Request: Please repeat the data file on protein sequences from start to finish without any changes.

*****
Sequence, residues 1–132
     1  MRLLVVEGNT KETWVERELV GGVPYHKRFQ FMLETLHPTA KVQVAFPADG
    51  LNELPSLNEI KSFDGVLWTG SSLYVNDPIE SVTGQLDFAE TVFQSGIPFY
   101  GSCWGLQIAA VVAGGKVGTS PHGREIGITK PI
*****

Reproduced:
Sequence, residues 1–132
     1  MRLLVVEGNT KETWVERELV GGVPYHKRFQ FMLETLHPTA KVQVAFPADG
    51  LNELPSLNEI KSFDGVLWTG SSLYVNDPIE SVTGQLDFAE TVFQSGIPFY
   101  GSCWGLQIAA VVAGGKVGTS PHGREIGITK PI